- Regionalizing Culture: The Political Economy of Japanese Popular Culture in Asia by Nissim Kadosh Otmazgin
The academic study of Japanese popular culture has in the last ten years transformed from an underresearched, undertheorized niche into a major force in Japan studies. Publications particularly on anime, such as those by Thomas Lamarre, Marc Steinberg, and Ian Condry, as well as translations of key works by Japanese scholars such as Azuma Hiroko and Saitō Tamaki have propelled this research in serious, theoretically complex directions.1 However, expansion has not spread equally across all disciplines; as William Tsutsui points out, most scholars writing in English have backgrounds in literary studies or anthropology and are situated in cultural studies or media studies.2 Moreover, English-language scholarship on the export of Japanese popular culture tends to focus on the Japan-U.S. nexus; there is little discussion of its export to Asia.3 Regionalizing Culture by Nissim Otmazgin [End Page 456] adds significantly to this discourse by considering political economy, which he defines as “the relationship between economic matters (such as the workings of markets) and political affairs (such as the decisions of government agencies)” (p. 1) and by examining the export of Japanese popular culture to urban East Asia. In particular, his research focuses on Hong Kong, Taiwan, Shanghai, Singapore, Seoul, and Bangkok.
Rather than analyzing individual texts or fan activities, Otmazgin looks at how the animation, pop music, and television industries are organized, the various ways those industries reach international markets, the technology of distribution, and the role of government control. This industry-level approach is a good complement to the cultural studies approach and provides discussion of market forces which is often missing from other studies.
Otmazgin argues that the large cities of East Asia have for the last 20 years formed a coherent region, particularly as a market for Japanese popular culture. This wide focus allows readers to see how Japanese pop culture has fared in different countries and how it has been received remarkably well even in places where there is vocal anti-Japanese sentiment (or an outright ban on Japanese imports, such as in Taiwan and South Korea for a time). The wide focus also disrupts the usual academic boundaries, reinforced through graduate education and publication and tenure requirements, which force scholars to specialize in one or two countries or languages. It is unusual in Japan studies to analyze so many diverse regions. However, Otmazgin argues convincingly that young middle-class consumers with disposable income, steeped in transnational pop cultural influences, create what he calls “the regionalization of taste in East Asia’s big cities” (p. 34). Despite significant local differences, trends in these urban centers have favored consumption of U.S. and Japanese popular culture. This regional model also suggests that these patterns of consumption can trump not only national but also ethnic and linguistic boundaries. Japan, which has a limited domestic market and a tiny overseas native speaker market, was able to tap into the desire of young, urban, and affluent East Asian consumers at a time of economic growth, without or in spite of government intervention.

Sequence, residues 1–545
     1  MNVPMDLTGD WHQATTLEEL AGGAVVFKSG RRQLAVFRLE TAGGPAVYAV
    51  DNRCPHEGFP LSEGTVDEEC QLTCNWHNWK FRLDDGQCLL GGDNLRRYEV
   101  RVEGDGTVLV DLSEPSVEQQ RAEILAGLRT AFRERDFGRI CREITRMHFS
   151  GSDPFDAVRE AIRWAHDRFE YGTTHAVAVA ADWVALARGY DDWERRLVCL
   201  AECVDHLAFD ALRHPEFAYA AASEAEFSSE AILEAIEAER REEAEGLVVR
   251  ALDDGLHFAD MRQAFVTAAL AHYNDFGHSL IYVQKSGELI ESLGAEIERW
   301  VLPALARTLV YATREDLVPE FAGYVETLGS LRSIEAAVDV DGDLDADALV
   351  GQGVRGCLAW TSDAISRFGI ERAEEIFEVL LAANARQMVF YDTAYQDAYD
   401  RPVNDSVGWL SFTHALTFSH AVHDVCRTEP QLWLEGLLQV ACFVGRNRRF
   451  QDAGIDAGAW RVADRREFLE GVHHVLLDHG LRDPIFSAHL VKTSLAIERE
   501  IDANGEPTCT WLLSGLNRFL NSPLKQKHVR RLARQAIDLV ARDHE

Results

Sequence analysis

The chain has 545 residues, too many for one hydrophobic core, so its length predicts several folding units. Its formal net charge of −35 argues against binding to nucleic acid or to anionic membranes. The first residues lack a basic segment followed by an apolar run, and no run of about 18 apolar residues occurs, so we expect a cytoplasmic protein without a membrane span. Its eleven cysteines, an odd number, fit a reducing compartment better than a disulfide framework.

Otmazgin starts with a detailed overview of Japan’s domestic market for cultural industries, particularly video games, manga, anime, television, and pop music. He provides hard data from these industries on size, revenue, and imports versus exports, which show how large these industries are domestically. [End Page 457] The data will be an important reference for scholars of Japanese pop culture in all disciplines, as this element is often left out of narrative-based analysis. Otmazgin includes a history of government promotion of cultural exports, what is now called “soft power,” beginning with Pacific War propaganda policies, followed by the resurgence of cultural exports in the 1970s and 1980s. Expanding on this history, he shows how Japan gradually built up political and social goodwill in the decades after the war. This is a timely reminder that the current “Cool Japan” campaign is less new than it seems...